The prevailing conventional wisdom can explain the evolution of incomes for the 99%, but cannot explain the rise of the super-manager.4 This is important, because much of the current state-of-the-art on income inequality is undergirded by two assumptions: first, that a worker’s wage is equal to her marginal productivity, and, second, that a worker’s productivity depends on their skill level and the supply and demand on for that skill. These observations, while useful for the analysis of skills and their economic return, cannot explain why the top 1% receives compensation that have little or no relation to increases in productivity.

The conventional reply is that super-managers are a product of skill-biased technical change –they receive exorbitant compensation because they create exorbitant productivity. The missing link, argues Piketty is something working outside the educational, technological and skills market –unrelated to individual effort or talent: institutions and the power to bargain over labor share of income. The minimum wage is highly correlated to the labor share of income until we hit the 99th percentile. At this point, something other than skills or education or effort is driving income concentration.

If Piketty’s analysis holds, wouldn’t the next 30 years in emerging economies look like the last 30 years for the US/Europe?

One of the interesting effects of Piketty’s book is that it provides a field-day for counterfactual scenarios. If future growth in emerging economies “converged” along European/US lines, does this mean r>g as well? In the short run, probably not. The emerging economies are experiencing something similar to the Golden Age described for Europe in the postwar era. Massive access to education and explosive growth of the labor sector has been matched by one-off equalizing effects. However, as structural change accelerates, we might see a re-edition of the Piketty story for the emerging economies.

  Once China’s convergence ends, its growth rate will diminish. Its capital-output ratio (which Piketty does not show) may be low today, because China, like the United States in the 18th and 19th century, is a “wealth-young” country where wealth is still low compared to the annual flow of income. But it will soon rise.5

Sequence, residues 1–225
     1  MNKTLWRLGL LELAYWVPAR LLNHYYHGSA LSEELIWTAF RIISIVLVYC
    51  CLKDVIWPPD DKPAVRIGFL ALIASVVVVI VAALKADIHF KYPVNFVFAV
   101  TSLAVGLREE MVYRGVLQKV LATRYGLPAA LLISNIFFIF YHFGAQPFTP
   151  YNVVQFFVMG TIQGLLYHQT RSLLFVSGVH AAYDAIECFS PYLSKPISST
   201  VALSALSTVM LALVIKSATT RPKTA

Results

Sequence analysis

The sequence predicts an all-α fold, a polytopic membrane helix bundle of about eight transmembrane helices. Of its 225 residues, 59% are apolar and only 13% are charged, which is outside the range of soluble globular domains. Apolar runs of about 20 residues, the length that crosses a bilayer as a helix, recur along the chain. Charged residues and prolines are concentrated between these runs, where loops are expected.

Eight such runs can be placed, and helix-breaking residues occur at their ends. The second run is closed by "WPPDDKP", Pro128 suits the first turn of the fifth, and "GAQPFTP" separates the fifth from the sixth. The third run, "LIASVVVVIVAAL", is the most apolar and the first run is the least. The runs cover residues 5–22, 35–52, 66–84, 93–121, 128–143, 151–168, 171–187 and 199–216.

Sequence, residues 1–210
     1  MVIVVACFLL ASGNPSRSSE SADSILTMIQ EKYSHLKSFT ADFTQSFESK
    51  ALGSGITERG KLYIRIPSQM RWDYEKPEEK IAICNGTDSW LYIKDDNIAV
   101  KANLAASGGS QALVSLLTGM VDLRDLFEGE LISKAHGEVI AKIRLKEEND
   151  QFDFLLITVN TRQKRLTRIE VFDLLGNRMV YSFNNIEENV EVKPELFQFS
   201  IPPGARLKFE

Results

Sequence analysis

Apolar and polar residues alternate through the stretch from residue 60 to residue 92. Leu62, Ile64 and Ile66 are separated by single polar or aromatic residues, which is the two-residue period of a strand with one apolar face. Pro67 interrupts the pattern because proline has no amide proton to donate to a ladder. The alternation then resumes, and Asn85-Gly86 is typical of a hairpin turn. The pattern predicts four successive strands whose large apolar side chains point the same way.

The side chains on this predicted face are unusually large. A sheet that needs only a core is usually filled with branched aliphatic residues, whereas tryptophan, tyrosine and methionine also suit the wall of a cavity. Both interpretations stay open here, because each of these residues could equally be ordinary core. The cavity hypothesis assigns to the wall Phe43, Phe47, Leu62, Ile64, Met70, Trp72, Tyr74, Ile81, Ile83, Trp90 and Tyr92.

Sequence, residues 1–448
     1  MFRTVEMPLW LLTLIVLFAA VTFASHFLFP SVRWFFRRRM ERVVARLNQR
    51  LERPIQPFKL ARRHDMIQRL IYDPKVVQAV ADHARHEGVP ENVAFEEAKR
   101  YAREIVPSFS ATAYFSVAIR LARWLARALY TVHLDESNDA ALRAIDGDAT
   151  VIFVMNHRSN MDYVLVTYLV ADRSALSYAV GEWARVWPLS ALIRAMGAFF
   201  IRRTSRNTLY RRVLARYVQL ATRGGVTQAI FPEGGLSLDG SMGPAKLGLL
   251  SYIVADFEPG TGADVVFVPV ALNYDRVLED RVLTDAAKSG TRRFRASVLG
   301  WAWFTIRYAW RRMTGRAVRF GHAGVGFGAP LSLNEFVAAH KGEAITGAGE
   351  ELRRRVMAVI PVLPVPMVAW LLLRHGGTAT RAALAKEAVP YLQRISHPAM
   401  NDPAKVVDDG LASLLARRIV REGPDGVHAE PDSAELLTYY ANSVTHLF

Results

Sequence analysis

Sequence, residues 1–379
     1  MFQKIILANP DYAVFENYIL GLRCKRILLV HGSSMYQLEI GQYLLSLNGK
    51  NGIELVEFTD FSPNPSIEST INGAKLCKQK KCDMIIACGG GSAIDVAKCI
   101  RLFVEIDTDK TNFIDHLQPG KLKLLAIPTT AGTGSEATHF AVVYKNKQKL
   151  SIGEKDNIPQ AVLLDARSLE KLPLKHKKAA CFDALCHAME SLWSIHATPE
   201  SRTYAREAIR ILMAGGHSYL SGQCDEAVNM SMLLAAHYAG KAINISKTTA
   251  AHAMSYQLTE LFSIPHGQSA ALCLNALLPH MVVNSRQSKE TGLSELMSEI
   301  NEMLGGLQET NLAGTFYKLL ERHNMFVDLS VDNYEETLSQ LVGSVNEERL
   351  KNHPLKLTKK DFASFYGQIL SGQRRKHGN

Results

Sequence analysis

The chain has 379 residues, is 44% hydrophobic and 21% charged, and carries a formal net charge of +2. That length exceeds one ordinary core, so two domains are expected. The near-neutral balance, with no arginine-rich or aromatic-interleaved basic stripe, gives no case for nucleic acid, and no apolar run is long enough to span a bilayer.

There is a “fallacy of composition” going on here. Returns on capital cannot everywhere climb at the same time, could they? It depends on where the source of economic growth is coming from and whether it is climbing faster than the rate of return on capital. John Cassidy makes a related point on the rise of Chine and India:

  [Piketty] doesn’t seriously consider the argument that globalization—and the rise of nations like China and India—is at once holding down wages and pushing up the profitability of capital, boosting inequality at both ends.6

While the so-called “middle income trap” might explain how growth dips in emerging economies, which price themselves out of cheap-labor markets, it cannot really explain how the returns on capital and labor evolve over time. At a global level, not everyone can converge (or diverge) at the same time.

Vautrin’s Lesson

Piketty concludes with a perceptive tale from Balzac’s Pere Goriot. In it, the protagonist, Rastignac, a penniless young noble, is lectured by the shady character Vautrin:

  By the age of thirty, you will be a judge making 1,200 francs per year…when you reach forty you will marry a miller’s daughter with an income of around 6,000 livres. Thank you very much….Would Baron de Rastignac like to be a lawyer? You will need to suffer ten years of misery, spend a thousand francs a month, frequent society, kiss the hem of a clerk to get cases, and lick the courthouse floor with your tongue… But can you name five lawyers in Paris who earn more than 50,000 francs a year at the age of fifty?7

By contrast, the strategy for social success suggested by Vautrin to Rastignac is “quite a bit more efficient”. By marrying Mademoiselle Victorine, a shy young woman who lives in the boardinghouse, he will “lay his hands on a fortune of a million francs”. This will allow him to draw at age twenty an annual income of 50,000 francs (5% of capital) and thus immediately achieve ten times the level of comfort he could hope to aspire years later…

As mentioned in other reviews of Piketty’s book, this is one economic treatise worth reading. The downside is that we may have to stow away the conventional wisdom on growth for a while –too focused on the sources of income convergence, and not focused enough on its effects. Divergence in wealth ownership is one problem not cured by “more growth”. In fact, as argued by the author, “the history of income and wealth is always deeply political, chaotic, and unpredictable.” So be it. Political analysis may have never had such a good econometric ally.

1. Branko Milanovic, 2013 “The return of “patrimonial capitalism”: review of Thomas Piketty’s Capital in the 21st century”, Forthcoming in: Journal of Economic Literature No. June 2014. Available at

2. Paul Krugman, 2014, “Why We’re in a New Gilded Age”, New York Review of Books, May 8, 2014. Available at:

3. Thomas Piketty, 2014 (p. 304).

4. Piketty takes aim at Claudia Goldin and Lawrence Katz’s, 2008, Race between Education and Technology (Cambridge: Harvard University Press).

5. Milanovic (2013).

6. John Cassidy, 2014, “Forces of Divergence”, The New Yorker, March 31, 2014.

7. Thomas Piketty, 2014 (p.239).